G.D. from Fairfield County writes:
Dear Mister Condo,
We live in a small complex on a small piece of property. As such, we do not have much private space for unit owners. We have a grass area at the end of our driveway that was used this weekend by one unit for a large party. He e-mailed one board member and said he was having the party – and was told the party needed to be kept behind his unit or inside and that noise levels needed to be maintained so they did not disturb other unit owners. The party was attended by more than 20 young adults – all drinking on our property. The unit owner was told he did not have permission to be there, but stayed anyway. He insisted it was “common property” and that he had a right to hold this party there. Guests needed to walk down our driveway past our windows (which resulted in closing our blinds for privacy). As the party got louder he was told he was in violation of two rules and was disturbing the peace and quiet of other residents. This unit owner had the same party last year but with more people and they were out of control. Can we legally tell him that our property is off limits for this type of gathering and that it should be held at a public beach or park? This situation has created a loud argument both last year and this year. Our annual meeting is coming up next week and I know it will be another meeting with an argument. Most of our Board looks the other way when we have an issue that needs attention.
Mister Condo replies:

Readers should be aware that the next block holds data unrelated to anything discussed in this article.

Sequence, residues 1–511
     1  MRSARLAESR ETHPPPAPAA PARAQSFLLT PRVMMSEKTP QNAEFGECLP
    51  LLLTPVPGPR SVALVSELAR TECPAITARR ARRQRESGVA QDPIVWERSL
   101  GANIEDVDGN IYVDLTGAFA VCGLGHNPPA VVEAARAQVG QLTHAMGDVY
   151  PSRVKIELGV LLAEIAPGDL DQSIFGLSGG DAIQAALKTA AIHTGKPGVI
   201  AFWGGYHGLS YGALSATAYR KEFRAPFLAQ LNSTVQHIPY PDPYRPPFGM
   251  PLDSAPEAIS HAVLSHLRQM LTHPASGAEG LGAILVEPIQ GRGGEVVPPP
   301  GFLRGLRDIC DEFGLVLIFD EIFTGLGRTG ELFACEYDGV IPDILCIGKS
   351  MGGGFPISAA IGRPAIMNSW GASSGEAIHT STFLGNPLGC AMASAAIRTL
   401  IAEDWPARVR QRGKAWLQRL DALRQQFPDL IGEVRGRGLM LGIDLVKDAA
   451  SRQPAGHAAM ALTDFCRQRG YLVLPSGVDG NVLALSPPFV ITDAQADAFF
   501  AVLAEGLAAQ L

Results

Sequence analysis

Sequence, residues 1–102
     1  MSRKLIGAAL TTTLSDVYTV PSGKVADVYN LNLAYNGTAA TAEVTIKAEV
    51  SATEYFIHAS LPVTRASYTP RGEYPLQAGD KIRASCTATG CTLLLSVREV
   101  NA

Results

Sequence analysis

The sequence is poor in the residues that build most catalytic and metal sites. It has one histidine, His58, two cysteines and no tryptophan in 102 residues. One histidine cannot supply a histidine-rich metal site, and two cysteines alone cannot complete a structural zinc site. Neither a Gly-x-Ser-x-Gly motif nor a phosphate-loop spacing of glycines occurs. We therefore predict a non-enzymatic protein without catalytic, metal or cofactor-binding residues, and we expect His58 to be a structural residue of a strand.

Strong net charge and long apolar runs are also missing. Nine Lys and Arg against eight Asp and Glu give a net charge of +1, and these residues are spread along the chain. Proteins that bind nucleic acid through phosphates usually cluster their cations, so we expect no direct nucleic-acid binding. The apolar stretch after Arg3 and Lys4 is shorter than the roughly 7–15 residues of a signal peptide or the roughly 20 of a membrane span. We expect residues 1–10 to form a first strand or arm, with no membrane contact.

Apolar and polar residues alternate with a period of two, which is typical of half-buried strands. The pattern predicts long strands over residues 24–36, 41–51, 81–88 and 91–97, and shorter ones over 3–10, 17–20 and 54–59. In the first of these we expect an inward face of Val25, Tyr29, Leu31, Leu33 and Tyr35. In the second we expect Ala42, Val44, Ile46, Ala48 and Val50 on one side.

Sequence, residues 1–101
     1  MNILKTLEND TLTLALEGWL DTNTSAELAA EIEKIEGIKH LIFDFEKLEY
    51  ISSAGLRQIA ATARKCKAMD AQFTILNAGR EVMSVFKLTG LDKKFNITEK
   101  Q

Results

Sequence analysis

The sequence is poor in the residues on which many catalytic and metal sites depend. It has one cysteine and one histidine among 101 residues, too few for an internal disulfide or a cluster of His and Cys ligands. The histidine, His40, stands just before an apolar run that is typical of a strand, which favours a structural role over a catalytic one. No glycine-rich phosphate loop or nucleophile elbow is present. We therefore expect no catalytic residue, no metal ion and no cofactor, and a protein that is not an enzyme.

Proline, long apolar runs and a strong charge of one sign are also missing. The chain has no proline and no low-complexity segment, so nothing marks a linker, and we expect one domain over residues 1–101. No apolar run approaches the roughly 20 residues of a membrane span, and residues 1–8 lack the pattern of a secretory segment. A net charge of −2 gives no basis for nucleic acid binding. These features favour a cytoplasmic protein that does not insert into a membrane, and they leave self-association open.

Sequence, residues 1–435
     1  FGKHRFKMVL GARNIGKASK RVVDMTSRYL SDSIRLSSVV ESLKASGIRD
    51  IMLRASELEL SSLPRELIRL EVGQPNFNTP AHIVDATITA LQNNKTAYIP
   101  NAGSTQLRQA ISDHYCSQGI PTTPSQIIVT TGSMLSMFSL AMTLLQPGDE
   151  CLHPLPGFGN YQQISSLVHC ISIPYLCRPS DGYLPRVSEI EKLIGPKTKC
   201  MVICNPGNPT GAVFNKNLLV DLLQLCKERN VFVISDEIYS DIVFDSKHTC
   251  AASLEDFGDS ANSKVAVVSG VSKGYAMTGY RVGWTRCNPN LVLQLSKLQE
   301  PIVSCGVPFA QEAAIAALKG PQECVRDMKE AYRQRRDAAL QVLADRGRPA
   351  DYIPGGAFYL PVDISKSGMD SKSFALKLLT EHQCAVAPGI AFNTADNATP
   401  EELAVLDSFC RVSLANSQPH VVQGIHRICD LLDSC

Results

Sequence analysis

G.D., condominium association rules are only as useful as they are enforced and enforceable. I am sorry that you and some of your neighbors had your peace and quiet disturbed for this weekend in question. The lack of larger common grounds and lack of rules enforcement will likely lead to further abuses of this type. If the Board is unwilling to enforce the rules, you really only have a few choices. First, you can simply elect new Board members who will enforce the rules. In a small association like yours, it can be challenging to find volunteers who are willing to serve and also play sheriff. Second, you can sue your association for not enforcing its own rules. The association has a duty to enforce the rules of the association. Their failure to do so is a breach of duty and you can seek legal remedy. Again, in a small association like yours, the Board will need to spend money to defend itself and you could find yourself on the receiving end of a special assessment or increased common fees to cover the increased legal expense of a lawsuit. Finally, you could offer to work with your Board to avoid such situations in the future. The unit owner claiming access to the common grounds is partially right and may be fully right if your by-laws do not speak to things like how many guests can a unit owner have on the property at one time (try limiting it to 3 or 4; not 20!) or what types of activities are allowed or prohibited on the common grounds. In other words, there needs to be clearly stated rules and those rules need to be clearly enforced. Keep in mind that the rules apply to all unit owners. You cannot selectively enforce the rules against just one unit owner. Or, the community needs to look the other way when these rules aren’t enforced because the community doesn’t have the determination to do so. Again, in a small community like yours, the idea is that unit owners behave themselves. These are folks you see every day. They are neighbors. You don’t want to create a hostile environment where neighbor versus neighbor becomes the daily rigor. Good luck!